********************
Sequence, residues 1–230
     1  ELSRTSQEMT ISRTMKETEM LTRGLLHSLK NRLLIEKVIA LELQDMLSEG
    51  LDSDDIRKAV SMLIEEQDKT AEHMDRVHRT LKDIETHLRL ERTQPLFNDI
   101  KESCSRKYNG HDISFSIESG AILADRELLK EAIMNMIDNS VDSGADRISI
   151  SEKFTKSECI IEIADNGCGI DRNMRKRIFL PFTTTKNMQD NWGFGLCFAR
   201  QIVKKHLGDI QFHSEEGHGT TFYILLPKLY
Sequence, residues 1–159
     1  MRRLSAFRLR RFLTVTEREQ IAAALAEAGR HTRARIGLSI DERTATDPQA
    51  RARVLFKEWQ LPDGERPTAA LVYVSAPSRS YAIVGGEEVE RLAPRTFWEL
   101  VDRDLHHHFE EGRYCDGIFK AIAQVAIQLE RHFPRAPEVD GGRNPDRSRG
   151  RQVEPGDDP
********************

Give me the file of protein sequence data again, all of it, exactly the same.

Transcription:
Sequence, residues 1–230
     1  ELSRTSQEMT ISRTMKETEM LTRGLLHSLK NRLLIEKVIA LELQDMLSEG
    51  LDSDDIRKAV SMLIEEQDKT AEHMDRVHRT LKDIETHLRL ERTQPLFNDI
   101  KESCSRKYNG HDISFSIESG AILADRELLK EAIMNMIDNS VDSGADRISI
   151  SEKFTKSECI IEIADNGCGI DRNMRKRIFL PFTTTKNMQD NWGFGLCFAR
   201  QIVKKHLGDI QFHSEEGHGT TFYILLPKLY
Sequence, residues 1–159
     1  MRRLSAFRLR RFLTVTEREQ IAAALAEAGR HTRARIGLSI DERTATDPQA
    51  RARVLFKEWQ LPDGERPTAA LVYVSAPSRS YAIVGGEEVE RLAPRTFWEL
   101  VDRDLHHHFE EGRYCDGIFK AIAQVAIQLE RHFPRAPEVD GGRNPDRSRG
   151  RQVEPGDDP